Raymund Concepcion learns to tap-dance–at 52–for 'Stepping Out, The Musical'

Raymund Concepcion learns to tap-dance–at 52–for 'Stepping Out, The Musical'
March 19, 2016
Philippine Daily Inquirer

Raymund Concepcion
"My character is the only male student in a one-night-a-week dance class composed of mostly limited and incompetent but very enthusiastic individuals," says Raymund Concepcion II of his upcoming production "Stepping Out, The Musical" with Repertory Philippines (Rep).

"He is a bit awkward and nervous but he attends the class to cope with the loss of his wife, who loved to dance," he adds. "Attending the class allows him to relive the memory of his wife, whom he loved very much."

As the musical progresses, the classmates form friendships with each other as their dancing improves.

If Concepcion kind of looks familiar or sounds familiar, the surname may be a clue. His three sons are also in the theater industry: Red, Kevin and Sam.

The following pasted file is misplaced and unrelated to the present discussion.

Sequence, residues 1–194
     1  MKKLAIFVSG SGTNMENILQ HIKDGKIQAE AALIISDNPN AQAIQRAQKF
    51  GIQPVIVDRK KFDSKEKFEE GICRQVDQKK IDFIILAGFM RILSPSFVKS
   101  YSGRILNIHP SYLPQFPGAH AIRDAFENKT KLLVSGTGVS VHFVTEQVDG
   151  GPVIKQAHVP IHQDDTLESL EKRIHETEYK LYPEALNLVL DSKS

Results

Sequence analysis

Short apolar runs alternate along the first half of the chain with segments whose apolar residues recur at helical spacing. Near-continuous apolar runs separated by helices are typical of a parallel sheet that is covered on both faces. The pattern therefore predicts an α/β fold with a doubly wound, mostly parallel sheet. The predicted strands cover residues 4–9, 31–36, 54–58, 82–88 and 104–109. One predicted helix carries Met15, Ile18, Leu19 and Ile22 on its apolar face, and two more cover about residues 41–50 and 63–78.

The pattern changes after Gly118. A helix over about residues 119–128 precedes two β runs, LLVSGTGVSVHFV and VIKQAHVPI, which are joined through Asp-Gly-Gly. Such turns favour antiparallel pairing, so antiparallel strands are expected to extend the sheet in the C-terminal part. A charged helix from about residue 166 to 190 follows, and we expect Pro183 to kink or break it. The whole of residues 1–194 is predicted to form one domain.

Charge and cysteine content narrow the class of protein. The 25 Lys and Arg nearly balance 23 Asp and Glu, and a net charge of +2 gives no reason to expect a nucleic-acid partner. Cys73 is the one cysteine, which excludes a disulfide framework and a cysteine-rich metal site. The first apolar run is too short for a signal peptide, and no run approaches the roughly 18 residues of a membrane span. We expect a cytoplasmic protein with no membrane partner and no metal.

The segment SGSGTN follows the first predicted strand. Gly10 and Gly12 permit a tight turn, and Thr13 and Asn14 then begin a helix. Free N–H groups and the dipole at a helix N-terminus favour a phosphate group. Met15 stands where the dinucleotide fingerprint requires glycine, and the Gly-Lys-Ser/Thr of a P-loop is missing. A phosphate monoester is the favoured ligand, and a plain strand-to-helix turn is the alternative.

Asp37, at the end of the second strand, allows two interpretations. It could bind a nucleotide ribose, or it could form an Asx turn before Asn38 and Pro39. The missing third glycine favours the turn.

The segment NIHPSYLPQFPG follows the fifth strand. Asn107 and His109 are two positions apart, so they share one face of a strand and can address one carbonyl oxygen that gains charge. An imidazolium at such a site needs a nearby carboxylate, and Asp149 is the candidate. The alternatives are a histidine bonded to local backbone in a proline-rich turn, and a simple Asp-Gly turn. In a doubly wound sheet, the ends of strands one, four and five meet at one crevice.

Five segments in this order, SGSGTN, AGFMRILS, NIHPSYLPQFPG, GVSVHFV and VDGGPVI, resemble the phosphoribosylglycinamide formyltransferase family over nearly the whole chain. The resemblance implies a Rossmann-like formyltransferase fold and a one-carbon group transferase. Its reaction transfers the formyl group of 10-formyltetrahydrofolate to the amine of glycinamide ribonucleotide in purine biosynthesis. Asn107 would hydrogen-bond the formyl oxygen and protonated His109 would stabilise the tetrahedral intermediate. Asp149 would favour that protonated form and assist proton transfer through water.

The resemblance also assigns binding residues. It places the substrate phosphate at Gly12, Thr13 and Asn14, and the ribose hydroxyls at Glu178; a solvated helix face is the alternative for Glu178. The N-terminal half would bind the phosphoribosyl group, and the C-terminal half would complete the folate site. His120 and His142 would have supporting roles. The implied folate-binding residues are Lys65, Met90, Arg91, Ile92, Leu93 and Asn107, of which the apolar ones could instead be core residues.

He last tread the Rep boards in "Shakespeare in Hollywood" several years ago. He had been dropping hints to fellow Rep actors that he'd like to do another Rep show.

"When they asked me if I was available, without thinking about it, I said yes," he says.

"Little did I know it involved tap dancing", he adds with a laugh. "But I like a good challenge."

With book by Richard Harris, lyrics by Mary Stewart-David and music by Denis King, the musical was adapted into a movie in 1991 with Liza Minnelli as the dance instructor.

Recent credits
Concepcion started acting in theater during the 1980s at the Manila Metropolitan Theater where he was a resident artist. After about a 20-year hiatus from the theater scene, his comeback productions were Triumphant People's Evangelistic Theater Society's (Trumpets) "Joseph The Dreamer" and "The Little Mermaid."

He's been steadily on stage since. He was in Resorts World Manila's Full House (FH) Theater Company's "The King and I" as the Kralahome and its Singapore run of "Priscilla, Queen of the Desert," where he alternated with Jon Santos as  Bernadette Bassinger in certain shows.